# Policies for which the policy improvement theorem holds

According to Reinforcement Learning (2nd Edition) by Sutton and Barto, the policy improvement theorem states that for any pair of deterministic policies $$\pi'$$ and $$\pi$$, if $$q_\pi(s,\pi'(s)) \geq v_\pi(s)$$ $$\forall s \in \mathcal{S}$$, then $$v_{\pi'}(s) \geq v_\pi(s)$$ $$\forall s \in \mathcal{S}$$.

The proof of this theorem seems to rely on $$\pi$$ and $$\pi'$$ being identical for all states except $$s$$. To my best understanding, this is what allows us to write the expectation $$\mathbb{E}[R_{t+1} + \gamma v_\pi(S_{t+1})|S_t = a, A_t = \pi'(s)]$$ as $$\mathbb{E}_{\pi'}[R_{t+1} + \gamma v_\pi(S_{t+1})|S_t = a]$$ in line 2, which is central to the proof (re-produced from the book below).

\begin{aligned} v_{\pi}(s) & \leq q_{\pi}\left(s, \pi^{\prime}(s)\right) \\ &=\mathbb{E}\left[R_{t+1}+\gamma v_{\pi}\left(S_{t+1}\right) \mid S_{t}=s, A_{t}=\pi^{\prime}(s)\right] \\ &=\mathbb{E}_{\pi^{\prime}}\left[R_{t+1}+\gamma v_{\pi}\left(S_{t+1}\right) \mid S_{t}=s\right] \\ & \leq \mathbb{E}_{\pi^{\prime}}\left[R_{t+1}+\gamma q_{\pi}\left(S_{t+1}, \pi^{\prime}\left(S_{t+1}\right)\right) \mid S_{t}=s\right] \\ &=\mathbb{E}_{\pi^{\prime}}\left[R_{t+1}+\gamma \mathbb{E}_{\pi^{\prime}}\left[R_{t+2}+\gamma v_{\pi}\left(S_{t+2}\right) \mid S_{t+1}, A_{t+1}=\pi^{\prime}\left(S_{t+1}\right)\right] \mid S_{t}=s\right] \\ &=\mathbb{E}_{\pi^{\prime}}\left[R_{t+1}+\gamma R_{t+2}+\gamma^{2} v_{\pi}\left(S_{t+2}\right) \mid S_{t}=s\right] \\ & \leq \mathbb{E}_{\pi^{\prime}}\left[R_{t+1}+\gamma R_{t+2}+\gamma^{2} R_{t+3}+\gamma^{3} v_{\pi}\left(S_{t+3}\right) \mid S_{t}=s\right] \\ & \vdots \\ & \leq \mathbb{E}_{\pi^{\prime}}\left[R_{t+1}+\gamma R_{t+2}+\gamma^{2} R_{t+3}+\gamma^{3} R_{t+4}+\cdots \mid S_{t}=s\right] \\ &=v_{\pi^{\prime}}(s) \end{aligned}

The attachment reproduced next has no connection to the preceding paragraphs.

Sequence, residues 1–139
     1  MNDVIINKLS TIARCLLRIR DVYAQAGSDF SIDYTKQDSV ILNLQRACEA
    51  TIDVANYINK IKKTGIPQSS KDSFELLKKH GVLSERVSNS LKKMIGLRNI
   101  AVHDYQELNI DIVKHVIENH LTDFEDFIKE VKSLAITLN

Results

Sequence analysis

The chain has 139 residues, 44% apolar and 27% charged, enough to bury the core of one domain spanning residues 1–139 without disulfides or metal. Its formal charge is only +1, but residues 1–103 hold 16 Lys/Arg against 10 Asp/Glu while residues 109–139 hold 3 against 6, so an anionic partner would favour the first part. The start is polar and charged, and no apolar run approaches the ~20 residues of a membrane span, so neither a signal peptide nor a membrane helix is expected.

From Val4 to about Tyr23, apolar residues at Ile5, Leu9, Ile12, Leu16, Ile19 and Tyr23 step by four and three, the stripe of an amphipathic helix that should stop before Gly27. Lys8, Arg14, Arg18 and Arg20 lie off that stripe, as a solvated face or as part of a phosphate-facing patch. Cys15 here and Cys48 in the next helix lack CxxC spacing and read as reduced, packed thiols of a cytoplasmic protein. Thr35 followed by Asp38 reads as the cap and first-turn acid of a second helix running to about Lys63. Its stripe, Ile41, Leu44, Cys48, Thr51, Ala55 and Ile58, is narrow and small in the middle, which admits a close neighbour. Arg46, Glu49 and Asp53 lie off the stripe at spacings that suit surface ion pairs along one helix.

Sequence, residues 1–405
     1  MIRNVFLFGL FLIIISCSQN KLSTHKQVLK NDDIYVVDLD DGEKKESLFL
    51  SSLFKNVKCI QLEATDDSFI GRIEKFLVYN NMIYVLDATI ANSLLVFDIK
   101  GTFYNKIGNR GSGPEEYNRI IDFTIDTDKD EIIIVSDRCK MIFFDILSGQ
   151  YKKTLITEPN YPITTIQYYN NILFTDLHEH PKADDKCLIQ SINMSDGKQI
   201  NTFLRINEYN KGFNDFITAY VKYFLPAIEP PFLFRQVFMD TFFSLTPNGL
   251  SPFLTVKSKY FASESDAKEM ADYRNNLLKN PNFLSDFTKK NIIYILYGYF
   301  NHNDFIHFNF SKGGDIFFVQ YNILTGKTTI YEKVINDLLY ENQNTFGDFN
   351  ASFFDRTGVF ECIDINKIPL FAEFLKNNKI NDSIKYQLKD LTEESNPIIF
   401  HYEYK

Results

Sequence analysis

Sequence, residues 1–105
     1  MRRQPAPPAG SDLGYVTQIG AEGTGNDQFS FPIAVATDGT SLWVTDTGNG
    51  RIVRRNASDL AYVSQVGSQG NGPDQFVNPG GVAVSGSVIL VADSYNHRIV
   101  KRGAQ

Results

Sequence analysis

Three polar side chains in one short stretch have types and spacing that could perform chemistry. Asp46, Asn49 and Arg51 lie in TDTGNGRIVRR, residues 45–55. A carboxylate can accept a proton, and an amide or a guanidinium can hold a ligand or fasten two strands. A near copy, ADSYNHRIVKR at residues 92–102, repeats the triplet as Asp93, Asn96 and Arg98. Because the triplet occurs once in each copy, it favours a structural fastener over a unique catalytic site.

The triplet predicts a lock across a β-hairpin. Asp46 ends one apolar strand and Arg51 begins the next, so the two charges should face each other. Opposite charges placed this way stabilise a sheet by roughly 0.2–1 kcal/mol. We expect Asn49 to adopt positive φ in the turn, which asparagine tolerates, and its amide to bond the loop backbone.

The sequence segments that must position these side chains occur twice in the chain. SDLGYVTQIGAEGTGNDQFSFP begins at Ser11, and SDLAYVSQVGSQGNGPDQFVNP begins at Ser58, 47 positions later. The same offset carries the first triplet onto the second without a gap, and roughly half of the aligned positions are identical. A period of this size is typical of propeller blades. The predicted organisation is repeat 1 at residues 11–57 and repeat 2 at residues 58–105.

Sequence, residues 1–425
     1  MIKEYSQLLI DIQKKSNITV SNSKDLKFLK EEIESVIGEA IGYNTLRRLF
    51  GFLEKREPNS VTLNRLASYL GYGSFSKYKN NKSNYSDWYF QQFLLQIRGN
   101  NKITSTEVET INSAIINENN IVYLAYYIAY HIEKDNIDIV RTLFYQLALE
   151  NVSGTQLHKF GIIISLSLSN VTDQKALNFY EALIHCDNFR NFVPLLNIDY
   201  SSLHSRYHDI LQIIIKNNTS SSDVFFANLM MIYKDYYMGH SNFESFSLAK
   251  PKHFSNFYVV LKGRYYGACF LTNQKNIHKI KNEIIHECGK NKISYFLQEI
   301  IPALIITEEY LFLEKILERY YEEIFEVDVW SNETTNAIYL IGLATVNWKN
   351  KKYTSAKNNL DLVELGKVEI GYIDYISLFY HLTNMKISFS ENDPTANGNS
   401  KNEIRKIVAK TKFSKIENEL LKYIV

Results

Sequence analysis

Does this mean that the proof is merely proving the special case of the policy improvement theorem for when the policies are identical except at $$s$$? I am having trouble seeing why the proof holds for the more general case of the two policies being potentially different for all states. In that case, line 2 would not hold and the theorem would not hold for all states as it claims to do.

There are two policies in the derivation, $$\pi$$ and $$\pi'$$. When you have an expectation in the form

$$\mathbb{E}_{\pi_A}[R_{t+1} + \gamma v_{\pi_B}(S_{t+1}) | S_t = s]$$

, it means that from your current state $$s$$, you take an action according to $$\pi_A$$. Let's say this action is $$a$$, then the reward function from the environment will transition to the next state, represented by the random variable $$S_{t+1}$$ and also gives you a reward $$R_{t+1}$$ which can depend on the current state $$s$$, the action taken $$a$$ and the next state $$S_{t+1}$$. That's where your reliance on $$\pi_A$$ ends because $$v_{\pi_B}$$ is an expectation itself:

$$v_{\pi_B}(s) = \mathbb{E}_{\pi_B}[G_{t+1}|S_{t} = s]$$

So going from line 2 to line 3 in your derivation just means that you are taking the next action according to $$\pi'$$, but nothing inside the expectation changes, it still uses the same policy $$\pi$$. The next state, $$S_{t+1}$$, comes from the environment and depends on $$\pi'$$. The same is true for the observed reward $$R_{t+1}$$, but nothing inside $$v_\pi$$ needs the policy $$\pi'$$.

The proof then replaces $$v_\pi(S_{t+1})$$ with $$q_\pi(S_{t+1}, \pi'(S_{t+1}))$$ but the equality changes to a less than or equal to sign because the whole discussion in the book starts with the condition $$q_\pi(s, \pi'(s)) \ge v_\pi(s)$$.

It does not matter in how many states the policies differ. If the two policies are the same in states $$s_i$$, then $$q_\pi(s_i, \pi'(s_i)) = v_\pi(s_i)$$. If policy $$\pi'$$ is better than policy $$\pi$$ in states $$s_j$$, then $$q_\pi(s_j, \pi'(s_j)) > v_\pi(s_j)$$. The initial condition $$q_\pi(s, \pi'(s)) \ge v_\pi(s)$$ combines these two statements. If you know in which states the policy $$\pi'$$ is better, then you could think of replacing the $$\le$$ signs with $$<$$ signs in the derivation, and the rest of the states with $$=$$. You can't really do that because these are random variables, so even if you knew in which states your new policy performs better, you often don't know the environment dynamics that determine the next state, $$S_{t+1}$$.